Upon closer inspection, there are some leakage from the nib groove. Although, I think this has little to do with mechanical problems. I have been using Noodler's Black Eel ink and I remember reading something about other Noodler ink users having similar issues. This leakage is nothing to worry about; it merely coats a part of the nib and does not lead to staining papers. I wonder if other ink brands have this issue as well, although I will not be shopping for new ink any time soon.

Update: 12/11/2014

Good news: if you are looking for Con-20 converter, it can be found in Amazon.com.
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60 of 65 people found the following review helpful
5.0 out of 5 stars Bliss!, July 10, 2005
This is the best pen I have ever owned. The line from it's nib is incredibly fine and dries quickly for documents free of smears and streaks. Cartridges and converters make refilling incredibly easy and the ink reserve lasts through the prodigious amounts I write thanks to my company's rather luddite leanings. I have bought several of these pens as gifts for friends and can only give my highest recommendation.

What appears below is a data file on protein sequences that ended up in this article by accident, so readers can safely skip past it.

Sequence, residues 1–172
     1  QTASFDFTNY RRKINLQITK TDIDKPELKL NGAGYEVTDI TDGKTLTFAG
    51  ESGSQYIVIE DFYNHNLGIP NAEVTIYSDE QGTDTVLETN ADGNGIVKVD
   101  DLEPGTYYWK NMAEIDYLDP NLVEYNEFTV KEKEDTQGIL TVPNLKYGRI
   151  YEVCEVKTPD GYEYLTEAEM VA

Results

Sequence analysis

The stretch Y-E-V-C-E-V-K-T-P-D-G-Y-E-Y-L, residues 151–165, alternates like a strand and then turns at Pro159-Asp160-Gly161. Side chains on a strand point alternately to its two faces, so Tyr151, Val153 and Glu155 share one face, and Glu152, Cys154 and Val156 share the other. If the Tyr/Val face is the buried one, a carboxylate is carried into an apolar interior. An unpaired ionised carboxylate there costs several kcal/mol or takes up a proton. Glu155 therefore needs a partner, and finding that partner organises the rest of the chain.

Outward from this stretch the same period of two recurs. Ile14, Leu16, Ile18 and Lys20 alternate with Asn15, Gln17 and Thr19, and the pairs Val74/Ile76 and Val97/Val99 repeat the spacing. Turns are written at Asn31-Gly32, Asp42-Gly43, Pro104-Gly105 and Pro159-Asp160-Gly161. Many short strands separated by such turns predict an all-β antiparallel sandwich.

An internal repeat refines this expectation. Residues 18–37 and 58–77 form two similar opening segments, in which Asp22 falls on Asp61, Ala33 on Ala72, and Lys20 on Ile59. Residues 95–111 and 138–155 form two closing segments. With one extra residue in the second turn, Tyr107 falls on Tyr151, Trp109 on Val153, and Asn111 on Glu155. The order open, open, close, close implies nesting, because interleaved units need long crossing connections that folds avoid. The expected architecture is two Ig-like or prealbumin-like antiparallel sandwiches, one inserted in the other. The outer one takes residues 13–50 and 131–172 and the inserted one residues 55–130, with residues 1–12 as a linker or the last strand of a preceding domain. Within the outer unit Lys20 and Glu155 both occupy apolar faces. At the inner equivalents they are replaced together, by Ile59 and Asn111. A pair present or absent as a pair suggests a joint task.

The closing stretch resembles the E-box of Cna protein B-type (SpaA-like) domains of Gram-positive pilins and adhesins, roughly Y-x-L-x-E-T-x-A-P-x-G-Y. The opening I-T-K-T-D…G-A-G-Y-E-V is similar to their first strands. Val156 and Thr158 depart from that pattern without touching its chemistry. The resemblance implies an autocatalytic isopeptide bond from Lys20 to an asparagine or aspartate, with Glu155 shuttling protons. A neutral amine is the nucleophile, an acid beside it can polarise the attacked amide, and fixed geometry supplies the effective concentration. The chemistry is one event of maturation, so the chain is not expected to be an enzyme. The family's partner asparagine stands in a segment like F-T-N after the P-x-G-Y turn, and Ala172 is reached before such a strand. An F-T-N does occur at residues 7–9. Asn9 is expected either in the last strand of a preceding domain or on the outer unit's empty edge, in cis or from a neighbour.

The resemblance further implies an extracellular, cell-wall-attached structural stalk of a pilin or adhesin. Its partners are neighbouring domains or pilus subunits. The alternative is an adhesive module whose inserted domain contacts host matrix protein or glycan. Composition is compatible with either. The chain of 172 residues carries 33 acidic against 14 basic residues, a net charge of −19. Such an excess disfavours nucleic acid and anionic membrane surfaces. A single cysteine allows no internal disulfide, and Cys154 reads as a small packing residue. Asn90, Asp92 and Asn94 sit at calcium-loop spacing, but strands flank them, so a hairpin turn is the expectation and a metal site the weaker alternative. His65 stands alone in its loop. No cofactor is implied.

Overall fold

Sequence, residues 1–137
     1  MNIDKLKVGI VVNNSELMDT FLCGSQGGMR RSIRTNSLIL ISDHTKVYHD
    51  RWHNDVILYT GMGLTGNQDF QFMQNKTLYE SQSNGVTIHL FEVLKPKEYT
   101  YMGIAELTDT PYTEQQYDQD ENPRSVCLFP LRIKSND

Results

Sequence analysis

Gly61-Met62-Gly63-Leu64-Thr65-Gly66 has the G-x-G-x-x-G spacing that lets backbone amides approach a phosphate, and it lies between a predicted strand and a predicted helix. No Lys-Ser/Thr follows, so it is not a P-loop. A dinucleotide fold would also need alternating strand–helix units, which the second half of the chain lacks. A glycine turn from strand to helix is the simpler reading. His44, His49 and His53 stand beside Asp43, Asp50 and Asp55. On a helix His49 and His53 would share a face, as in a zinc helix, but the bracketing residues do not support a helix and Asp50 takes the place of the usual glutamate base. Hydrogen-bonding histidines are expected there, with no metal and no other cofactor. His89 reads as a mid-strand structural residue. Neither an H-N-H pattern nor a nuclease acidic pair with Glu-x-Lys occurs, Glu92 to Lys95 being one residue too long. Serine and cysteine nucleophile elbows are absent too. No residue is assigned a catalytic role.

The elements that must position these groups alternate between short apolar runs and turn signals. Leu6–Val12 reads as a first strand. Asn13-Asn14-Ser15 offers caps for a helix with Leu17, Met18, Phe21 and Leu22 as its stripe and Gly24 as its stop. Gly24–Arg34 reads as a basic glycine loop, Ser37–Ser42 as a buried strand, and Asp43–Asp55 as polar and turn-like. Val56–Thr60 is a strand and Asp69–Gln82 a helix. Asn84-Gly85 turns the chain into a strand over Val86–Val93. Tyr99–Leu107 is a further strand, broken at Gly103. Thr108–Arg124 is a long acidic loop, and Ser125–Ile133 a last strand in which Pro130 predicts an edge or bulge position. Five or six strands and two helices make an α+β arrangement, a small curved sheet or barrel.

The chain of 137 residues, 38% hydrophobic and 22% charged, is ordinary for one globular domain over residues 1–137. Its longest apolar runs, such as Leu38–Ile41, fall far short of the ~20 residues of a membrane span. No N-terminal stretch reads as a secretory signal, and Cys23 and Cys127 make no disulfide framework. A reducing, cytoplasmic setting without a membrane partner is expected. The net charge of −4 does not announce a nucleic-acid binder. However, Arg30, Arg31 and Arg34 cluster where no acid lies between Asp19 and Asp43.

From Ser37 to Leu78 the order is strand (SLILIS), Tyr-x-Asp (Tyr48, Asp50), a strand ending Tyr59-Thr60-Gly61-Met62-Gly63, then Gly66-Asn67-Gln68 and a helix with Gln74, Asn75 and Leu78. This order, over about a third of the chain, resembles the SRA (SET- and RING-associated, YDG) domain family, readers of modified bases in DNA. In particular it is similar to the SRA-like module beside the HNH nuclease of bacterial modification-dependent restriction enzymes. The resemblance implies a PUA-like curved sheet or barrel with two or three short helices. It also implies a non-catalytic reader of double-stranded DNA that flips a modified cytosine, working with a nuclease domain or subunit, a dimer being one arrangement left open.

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29 of 31 people found the following review helpful
5.0 out of 5 stars Great gift, October 25, 2005
By 
A. Kemel "AKemel" (Highland Park, Illinois United States) - See all my reviews
(REAL NAME)   
I got this pen as a gift. It writes well and looks good doing it. It fact it is a premium pen I use everyday. It developed a "clicking" problem, after all I did a lot of it, to show how it works. I had it send in for repairs. It was covered by warranty, without receipt. It came back repaired with a new ink cartridge, a nice touch. Great pen. Classy company.
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18 of 19 people found the following review helpful